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Nigeria’s music industry is regarded as the most popular in Africa considering the numerous continentally acclaimed and globally heard music superstars that are filling halls and stadiums in several parts of the world. Even though the stars are largely regarded as wealthy, much of their wealth doesn’t come from album sales since it has been largely difficult to get people to pay for music, forcing the artists to focus on making money from endorsements, events and other franchises.
The proliferation of platforms such as NotjustOK.com and NaijaLoaded.com, where individuals could easily download music tracks and albums for free, make it even more difficult for companies trying to make money from online music sales to do so. This is evident in the launch and re-launch of platforms such as Spinlet and iRoking. But there is a new platform emerging and its founders are hoping to make money by offering users access to songs that best match their mood.
It is called Vuga.fm, co-founded by two guys with a vast knowledge of the Nigerian music industry. Ralph Amachree used to be in the same music group as the late hip-hop sensation Da Grin; he has been a music manager and has worked with some of the big names in the industry. His partner, Christopher Okekeze, is an award-winning event promoter and artist manager at Davido’s record label, HKN Music.
“In early 2012, I was working on my master’s degree thesis titled ‘a business module on bringing the big three labels into Nigeria’, in Media Business from the University of Westminster, which was when I realised there wasn’t a professional music streaming platform. Using all the knowledge I had picked up along the way, I set out with my co-founder and we began to build the platform in early 2013 and we are almost ready to release a beta version,” Amachree told Ventureburn from Orlando, Florida.
He says he realised the majority of music platforms didn’t offer music streaming platforms; according to him, they were more geared towards blog-style postings with NotJustOK being the largest.
“I decided to use my understanding of the process of music production along with my understanding of music composition, along with the help of some music theory students in the United States to create an extensive metadata list that helps to characterise music. Then Vuga was born,” he says.
How does it work?
To make use of the platform, a prospective user would have to logon and decide whether they want to listen to songs about love lost or love gained, or any metadata they prefer.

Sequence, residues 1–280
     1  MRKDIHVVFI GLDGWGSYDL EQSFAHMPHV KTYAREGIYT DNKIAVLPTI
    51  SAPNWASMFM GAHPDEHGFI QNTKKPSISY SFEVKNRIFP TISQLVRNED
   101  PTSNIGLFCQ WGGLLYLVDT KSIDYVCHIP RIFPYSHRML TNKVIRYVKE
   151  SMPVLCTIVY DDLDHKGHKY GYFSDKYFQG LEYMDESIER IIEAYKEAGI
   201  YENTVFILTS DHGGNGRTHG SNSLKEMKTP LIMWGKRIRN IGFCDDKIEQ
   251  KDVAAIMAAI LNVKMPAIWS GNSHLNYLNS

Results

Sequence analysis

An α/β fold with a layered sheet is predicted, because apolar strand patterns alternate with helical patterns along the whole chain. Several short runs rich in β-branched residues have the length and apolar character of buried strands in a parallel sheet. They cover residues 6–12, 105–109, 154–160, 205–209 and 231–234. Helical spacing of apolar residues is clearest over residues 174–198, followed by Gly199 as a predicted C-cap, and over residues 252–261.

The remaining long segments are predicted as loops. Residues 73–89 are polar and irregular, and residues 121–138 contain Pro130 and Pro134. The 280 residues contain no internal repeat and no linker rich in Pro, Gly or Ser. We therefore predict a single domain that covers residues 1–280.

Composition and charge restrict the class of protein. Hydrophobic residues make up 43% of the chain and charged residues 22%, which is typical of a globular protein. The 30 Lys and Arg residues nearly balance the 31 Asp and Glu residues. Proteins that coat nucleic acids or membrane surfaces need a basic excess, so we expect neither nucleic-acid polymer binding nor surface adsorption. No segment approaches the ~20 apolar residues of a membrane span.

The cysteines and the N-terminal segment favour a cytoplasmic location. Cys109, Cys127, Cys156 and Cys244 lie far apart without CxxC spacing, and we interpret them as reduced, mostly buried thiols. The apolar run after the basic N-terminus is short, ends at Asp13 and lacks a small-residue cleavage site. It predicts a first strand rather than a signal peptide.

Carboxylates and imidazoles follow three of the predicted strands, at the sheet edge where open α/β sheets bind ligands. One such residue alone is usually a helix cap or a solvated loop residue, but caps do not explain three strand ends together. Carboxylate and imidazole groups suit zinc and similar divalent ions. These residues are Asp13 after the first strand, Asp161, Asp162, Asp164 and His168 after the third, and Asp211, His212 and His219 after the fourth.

“All they have to do is select a song they know has those attributes then click and listen or the user can click on our suggestions or metadata and the system will help the user find what they are looking for. The user then ends up listening to only songs that have those musical attributes,” says Amachree.
When it comes to sub genres, he says a user might want to listen to American-influenced hip-hop rather than indigenous hip-hop.
“Our algorithms will take that into consideration while selecting songs for the listener. Note that all a user has to do is select a song or artist they like and Vuga will do the rest, they do not have to come back to the platform — only if they want to like or dislike a song according to their taste. The user also gets detailed biographical information along with details on where to legally purchase those songs, while also providing the detailed metadata information.”
Uniqueness, expected impact and deployment strategy
Amachree sees Vuga as very unique in the industry, describing it as the first music discovery platform that allows users to listen to music according to their mood.
“This is something that hasn’t been done by any Nigerian or African platform. We also offer detailed and accurate information about every artist’s personal life via our sister company Afrobios, including social media information amongst other things. We are also the first music platform to characterise African music based on over 400 metadata points and offer the information to the general public for free.”
Considering the numerous failed attempts using different approaches, the co-founder believes Vuga would succeed as long as they can grow their number of users to a certain level. Furthermore, they are initially focusing on users in the diaspora:
Once we are able to penetrate that market through lean growth, we will be sure to achieve success in Nigeria and Africa as a whole. Another thing you need to take into consideration is a lot of startups have failed because they were ahead of their time or wanted overnight success, or didn’t test what worked and what didn’t work, or most importantly weren’t persistent which is a hindrance to survival in this ecosystem.
“It’s either you bootstrap and grow your company at a marginal rate and then seek funding to take your business to the next level e.g. Spinlet or Iroking which in its case already had the funding to grow at a fast rate,” he says.
The platform already has a seed investor and together with the co-founders they are planning to organically grow the platform to a certain level before seeking angel or equity investments. They intend to monetise the platform primarily by displaying ads and geographical audio advertisements. There could also be subscription-based services although he said this option would not come into effect until the platform has grown for some years.
“We are banking on reaching roughly between 40 000 registered users and 8 000 active users within a year after official launch. We have a team of over 15 staff, 9 of who are currently in Nigeria working to ensure everything works as planned. We also have a strong IT team working out of the UK. And we have partnerships with a solid social media campaign company here in US. Ensuring we have a smooth launch will be our goal.”